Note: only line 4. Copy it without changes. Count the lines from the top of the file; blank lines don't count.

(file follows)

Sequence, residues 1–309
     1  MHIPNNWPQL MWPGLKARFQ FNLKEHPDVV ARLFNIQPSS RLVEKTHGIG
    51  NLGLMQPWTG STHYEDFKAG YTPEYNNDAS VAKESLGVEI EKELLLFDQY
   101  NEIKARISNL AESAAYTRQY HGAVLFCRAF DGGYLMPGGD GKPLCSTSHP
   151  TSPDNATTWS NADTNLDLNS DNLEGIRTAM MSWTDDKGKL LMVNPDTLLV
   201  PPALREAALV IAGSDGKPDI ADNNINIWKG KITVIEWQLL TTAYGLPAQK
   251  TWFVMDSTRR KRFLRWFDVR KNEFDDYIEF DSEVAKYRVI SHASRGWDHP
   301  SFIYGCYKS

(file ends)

   101  NEIKARISNL AESAAYTRQY HGAVLFCRAF DGGYLMPGGD GKPLCSTSHP